Saturday, November 26, 2016
Are Guns Legal in Your Town, but Not Next Door? by Rob Morse
New York won’t recognize the licenses from Connecticut or Massachusetts. New Jersey won’t recognize New York or Pennsylvania. California cops won’t recognize your license from Arizona, Nevada or Oregon.
I’m talking about the license to carry a concealed weapon in public, and with over 15 million licensed concealed carriers in the U.S., recognition between states is a study in contrasts. Some 15 states say a law-abiding adult can legally carry a loaded firearm in public without any permit at all. In contrast, a visitor carrying without a recognized license in California is usually charged with a felony and faces years in jail. Welcome to the bizarre nightmare endured by honest gun owners every day.
Recognizing the permits and licenses issued by other states is broadly called reciprocity. Politicians say a number of factors are involved. The decision to recognize your carry permit from another state isn’t a matter of public safety. Concealed carry holders are the most law abiding segment of society. Concealed carry holders are more law abiding and less likely to commit a legal violation with a firearm than are the police.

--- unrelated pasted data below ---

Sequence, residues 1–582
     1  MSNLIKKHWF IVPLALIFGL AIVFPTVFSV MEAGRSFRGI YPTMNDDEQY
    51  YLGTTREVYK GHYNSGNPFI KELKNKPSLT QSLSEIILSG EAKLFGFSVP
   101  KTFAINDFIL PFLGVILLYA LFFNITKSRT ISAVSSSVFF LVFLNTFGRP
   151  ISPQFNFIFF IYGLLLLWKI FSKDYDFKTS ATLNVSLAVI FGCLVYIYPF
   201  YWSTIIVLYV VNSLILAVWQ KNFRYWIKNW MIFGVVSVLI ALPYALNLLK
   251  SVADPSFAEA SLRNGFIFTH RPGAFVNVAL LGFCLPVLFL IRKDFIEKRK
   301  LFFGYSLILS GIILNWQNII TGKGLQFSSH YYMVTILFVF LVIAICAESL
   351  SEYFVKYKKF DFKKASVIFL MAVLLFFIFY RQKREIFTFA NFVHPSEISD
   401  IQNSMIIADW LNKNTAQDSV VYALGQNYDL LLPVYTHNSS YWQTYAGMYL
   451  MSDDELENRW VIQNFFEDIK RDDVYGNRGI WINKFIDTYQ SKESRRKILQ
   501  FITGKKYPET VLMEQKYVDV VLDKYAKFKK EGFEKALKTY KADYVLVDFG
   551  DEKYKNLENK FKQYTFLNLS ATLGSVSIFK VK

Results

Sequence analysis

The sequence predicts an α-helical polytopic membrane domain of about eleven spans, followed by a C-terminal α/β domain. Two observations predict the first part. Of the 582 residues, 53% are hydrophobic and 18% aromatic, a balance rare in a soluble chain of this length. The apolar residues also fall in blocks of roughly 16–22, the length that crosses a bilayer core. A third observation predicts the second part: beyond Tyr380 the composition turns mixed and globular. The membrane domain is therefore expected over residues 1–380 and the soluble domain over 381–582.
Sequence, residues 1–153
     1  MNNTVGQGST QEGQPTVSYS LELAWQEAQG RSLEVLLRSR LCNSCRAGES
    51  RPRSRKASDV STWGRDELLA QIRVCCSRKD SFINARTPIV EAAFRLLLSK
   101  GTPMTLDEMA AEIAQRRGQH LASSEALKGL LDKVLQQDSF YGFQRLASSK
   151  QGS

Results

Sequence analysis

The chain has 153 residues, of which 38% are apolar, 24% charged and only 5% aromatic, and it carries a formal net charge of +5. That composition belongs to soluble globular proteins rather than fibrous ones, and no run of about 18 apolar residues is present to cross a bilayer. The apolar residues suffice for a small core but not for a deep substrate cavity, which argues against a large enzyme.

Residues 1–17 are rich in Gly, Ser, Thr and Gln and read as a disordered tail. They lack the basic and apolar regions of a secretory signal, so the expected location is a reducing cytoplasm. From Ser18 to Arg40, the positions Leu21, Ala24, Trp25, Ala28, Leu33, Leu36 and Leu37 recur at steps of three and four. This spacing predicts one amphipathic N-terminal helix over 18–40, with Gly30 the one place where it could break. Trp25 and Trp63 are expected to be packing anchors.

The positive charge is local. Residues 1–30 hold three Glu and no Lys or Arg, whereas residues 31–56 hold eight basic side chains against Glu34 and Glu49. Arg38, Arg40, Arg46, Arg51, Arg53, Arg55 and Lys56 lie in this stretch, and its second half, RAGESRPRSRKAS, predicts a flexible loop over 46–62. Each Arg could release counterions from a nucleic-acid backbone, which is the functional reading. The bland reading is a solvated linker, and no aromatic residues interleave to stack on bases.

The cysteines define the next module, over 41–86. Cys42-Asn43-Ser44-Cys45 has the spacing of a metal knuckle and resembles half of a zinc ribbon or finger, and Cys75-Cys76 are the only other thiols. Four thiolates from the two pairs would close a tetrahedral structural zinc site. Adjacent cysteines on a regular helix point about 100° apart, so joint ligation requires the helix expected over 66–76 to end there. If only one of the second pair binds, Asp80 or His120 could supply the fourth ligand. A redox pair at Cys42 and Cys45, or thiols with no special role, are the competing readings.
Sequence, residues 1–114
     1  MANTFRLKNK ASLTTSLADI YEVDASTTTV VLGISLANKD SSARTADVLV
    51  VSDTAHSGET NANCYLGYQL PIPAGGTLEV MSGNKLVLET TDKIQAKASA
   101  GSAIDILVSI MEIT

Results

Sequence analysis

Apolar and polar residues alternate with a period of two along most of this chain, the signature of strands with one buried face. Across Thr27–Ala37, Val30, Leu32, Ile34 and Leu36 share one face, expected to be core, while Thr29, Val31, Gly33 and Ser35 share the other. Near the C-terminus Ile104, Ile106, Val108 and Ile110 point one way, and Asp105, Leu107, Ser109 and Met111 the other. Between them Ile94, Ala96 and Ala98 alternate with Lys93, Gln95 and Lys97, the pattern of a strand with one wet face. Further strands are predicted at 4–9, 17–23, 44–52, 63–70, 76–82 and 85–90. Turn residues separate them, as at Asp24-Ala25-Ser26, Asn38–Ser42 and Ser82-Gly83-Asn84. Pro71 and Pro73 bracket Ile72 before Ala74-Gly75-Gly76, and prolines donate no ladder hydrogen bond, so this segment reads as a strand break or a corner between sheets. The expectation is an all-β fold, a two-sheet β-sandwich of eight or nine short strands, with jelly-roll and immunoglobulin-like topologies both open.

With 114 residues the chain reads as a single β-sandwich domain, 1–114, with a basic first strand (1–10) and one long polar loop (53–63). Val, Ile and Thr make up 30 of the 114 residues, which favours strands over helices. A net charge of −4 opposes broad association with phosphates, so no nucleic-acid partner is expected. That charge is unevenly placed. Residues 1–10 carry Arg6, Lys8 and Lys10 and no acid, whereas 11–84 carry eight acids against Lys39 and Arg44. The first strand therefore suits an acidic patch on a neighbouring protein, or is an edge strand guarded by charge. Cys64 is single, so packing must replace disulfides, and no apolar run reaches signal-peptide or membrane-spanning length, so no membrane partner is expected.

Permit reciprocity isn’t a an issue of protecting the public from risks. For comparison, we recognize drivers licenses between states and territories. The licenses vary widely in the training, the age, and the levels of insurance required before you may legally operate a motor vehicle on public roads. The public risks are real since automobile accidents injure far more people than firearms accidents.
Recognizing out-of-state legal documents is nothing new. We recognize the legal certificates and decrees issued by other states every day. For example, we recognize death certificates, divorce decrees, and adoption certificates even though those laws vary widely from state to state. Federal judges mandated the recognition of marriage between states even though the states have significantly different marriage laws.